- Capa dura: 304 páginas
- Editora: Algonquin Books of Chapel Hill (16 de setembro de 2014)
- Idioma: Inglês
- ISBN-10: 1616203536
- ISBN-13: 978-1616203535
- Dimensões do produto: 3,2 x 15,2 x 22,2 cm
- Peso de envio: 476 g
- Avaliação média: 1 avaliação de cliente
- Lista de mais vendidos da Amazon: no. 137,144 em Livros (Conheça o Top 100 na categoria Livros)
Jackaby (Inglês) Capa dura – 15 set 2014
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Descrições do Produto
“The rich world of this debut demands sequels.” —Kirkus Reviews, starred review
“We honestly couldn’t put it down.” —Nerdist.com
“Toss together an alternate 19th-century New England city, a strong tradition of Sherlockian pastiche, and one seriously ugly hat, and this lighthearted and assured debut emerges, all action and quirk.” —Publishers Weekly
Sobre o Autor
William Ritter began writing the Jackaby series in the middle of the night when his son was still an infant. After getting up to care for him, Will would lie awake, his mind creating rich worlds and fantasies--such as the one in New Fiddleham. Will lives and teaches in Springfield, Oregon.
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I also figured that there would be a romance between Jackaby (this was before I knew how much older he was) and Abigail and I’m really glad that there wasn’t! It was nice to see the romance built with Abigail and more of a secondary character and that it was a side plot and not a main focus of the book. The quirky mysteries still took the spotlight and there wasn’t any mixing of work and romance. I actually didn’t really care for the romance, though. I thought it wasn’t very developed in the first book, which it didn’t have to be developed right away, but for some reason it felt fast and forced for me.
JACKABY wasn’t a perfect book but it was really enjoyable! Things kind of piled on with the paranormal but it was fun and not overwhelming as some books tend to feel when dealing with so many different para-creatures.
In fact, mundane detail often escapes him, which is why, when Amanda Rook applies for the position of his assistant, he hires her, grudgingly acknowledging that she notices things he doesn't bother with. Yes, okay it's a little strained in that respect. I can't imagine being a detective and being sloppy about any sort of detail, but I guess if you're tuned in to an invisible, supernatural world, you can let some humdrum stuff slide. That's what the police are for.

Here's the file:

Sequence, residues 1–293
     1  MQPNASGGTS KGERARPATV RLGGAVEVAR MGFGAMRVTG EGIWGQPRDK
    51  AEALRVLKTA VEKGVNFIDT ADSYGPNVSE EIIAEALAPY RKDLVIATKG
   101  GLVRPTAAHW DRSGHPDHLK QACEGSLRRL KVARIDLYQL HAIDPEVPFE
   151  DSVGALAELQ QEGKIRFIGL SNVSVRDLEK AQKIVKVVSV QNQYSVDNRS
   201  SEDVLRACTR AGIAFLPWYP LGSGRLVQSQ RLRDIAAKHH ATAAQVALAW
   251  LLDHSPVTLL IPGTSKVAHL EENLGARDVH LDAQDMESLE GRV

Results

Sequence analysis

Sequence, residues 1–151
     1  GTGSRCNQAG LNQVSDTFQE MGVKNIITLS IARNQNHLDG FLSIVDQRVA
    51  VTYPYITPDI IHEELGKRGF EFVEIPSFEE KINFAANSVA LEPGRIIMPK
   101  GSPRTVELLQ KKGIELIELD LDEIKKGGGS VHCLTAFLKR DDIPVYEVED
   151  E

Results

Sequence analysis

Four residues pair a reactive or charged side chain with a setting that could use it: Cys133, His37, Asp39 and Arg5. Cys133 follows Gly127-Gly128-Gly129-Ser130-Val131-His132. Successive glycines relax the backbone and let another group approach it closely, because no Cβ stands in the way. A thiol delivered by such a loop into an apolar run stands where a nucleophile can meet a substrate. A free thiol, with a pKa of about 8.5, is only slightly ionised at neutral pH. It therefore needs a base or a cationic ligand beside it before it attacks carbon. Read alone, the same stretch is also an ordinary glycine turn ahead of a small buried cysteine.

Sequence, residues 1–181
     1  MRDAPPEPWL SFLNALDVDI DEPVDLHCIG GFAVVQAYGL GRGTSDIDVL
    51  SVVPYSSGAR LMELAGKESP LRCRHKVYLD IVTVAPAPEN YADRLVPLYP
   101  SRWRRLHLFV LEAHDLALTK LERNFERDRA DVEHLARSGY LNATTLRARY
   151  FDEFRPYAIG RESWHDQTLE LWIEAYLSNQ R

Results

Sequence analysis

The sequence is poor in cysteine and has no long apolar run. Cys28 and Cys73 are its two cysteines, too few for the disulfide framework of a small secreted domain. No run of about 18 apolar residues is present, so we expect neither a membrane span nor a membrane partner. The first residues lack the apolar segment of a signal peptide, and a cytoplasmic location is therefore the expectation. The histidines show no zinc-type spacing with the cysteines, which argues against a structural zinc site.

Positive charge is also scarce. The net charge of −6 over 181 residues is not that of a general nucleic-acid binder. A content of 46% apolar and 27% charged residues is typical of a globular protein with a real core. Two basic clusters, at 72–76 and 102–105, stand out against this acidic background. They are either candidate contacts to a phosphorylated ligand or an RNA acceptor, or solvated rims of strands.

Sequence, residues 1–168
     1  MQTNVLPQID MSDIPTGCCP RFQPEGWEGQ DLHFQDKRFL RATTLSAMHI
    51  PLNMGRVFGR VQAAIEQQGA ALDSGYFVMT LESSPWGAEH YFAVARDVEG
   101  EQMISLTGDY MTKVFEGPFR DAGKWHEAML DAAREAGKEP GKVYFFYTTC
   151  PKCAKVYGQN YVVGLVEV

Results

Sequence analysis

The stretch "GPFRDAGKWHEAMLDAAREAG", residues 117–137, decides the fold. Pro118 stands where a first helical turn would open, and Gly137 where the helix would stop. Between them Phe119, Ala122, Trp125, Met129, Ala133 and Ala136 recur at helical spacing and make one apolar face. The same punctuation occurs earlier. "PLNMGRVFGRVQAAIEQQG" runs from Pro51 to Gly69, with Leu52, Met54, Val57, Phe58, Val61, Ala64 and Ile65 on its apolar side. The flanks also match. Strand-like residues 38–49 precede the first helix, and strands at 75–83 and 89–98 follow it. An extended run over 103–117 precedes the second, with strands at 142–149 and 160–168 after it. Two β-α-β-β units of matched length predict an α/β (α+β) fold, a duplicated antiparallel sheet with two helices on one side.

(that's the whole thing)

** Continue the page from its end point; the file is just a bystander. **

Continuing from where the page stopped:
I enjoyed the story enough that I immediately bought the second volume, which is probably the best recommendation I can give. It's well written, fast-paced, funny, and there's a genuine mystery or two rattling around in there. One I guessed at pretty quickly, one I was dead wrong about. I'm glad about the latter, it's really what keeps me reading a mystery. If they're too obvious, I lose interest.
Jackaby himself is more personable than Holmes, and the other characters are well drawn enough to engage my interest. If some of the portrayals, most notably Abigail, are a touch anachronistic, I'm willing to overlook that because I like them and the way they fit into the story.
If you enjoy a good fantasy mystery, then give Jackaby a shot.
The story itself is interesting, the idea of combining Sherlock Holmes and supernatural also. Jackaby is different from Sherlock, which is good (he may have Dr Who's attributes, but I've never seen an episode, so I can't tell). The length and pace appropriate.
I liked the budding love story (which is not between the main protagonists, refreshingly).
The most lovely cover I've seen in a long time. This alone deserves five stars.
The story's setting should be in 1890s but, apart from a few clothes' description, it feels like nowadays (language, conduct, relationship portrayal). It could be set in today's parallel world without much loss. No need to stick to Sherlock Holmes so much.
Then there is Jackaby's character - sometimes distracted and eccentric (which I liked), and sometimes lucid about 'earthly' affairs, other's feelings, etc. Not consistent, but I've high hopes for the sequel.
I also guessed the murderer right away (this didn't take away from the story for me, but is considered a negative characteristic in general).
This story is appropriate for adult and YA readers. It's not because of the inappropriate language or sth, more because of the story's themes and protagonists' behavior that IMO is not interesting to youngsters).
All in all, not a bad read - I will read the next book in a series too, to see if it's improved.
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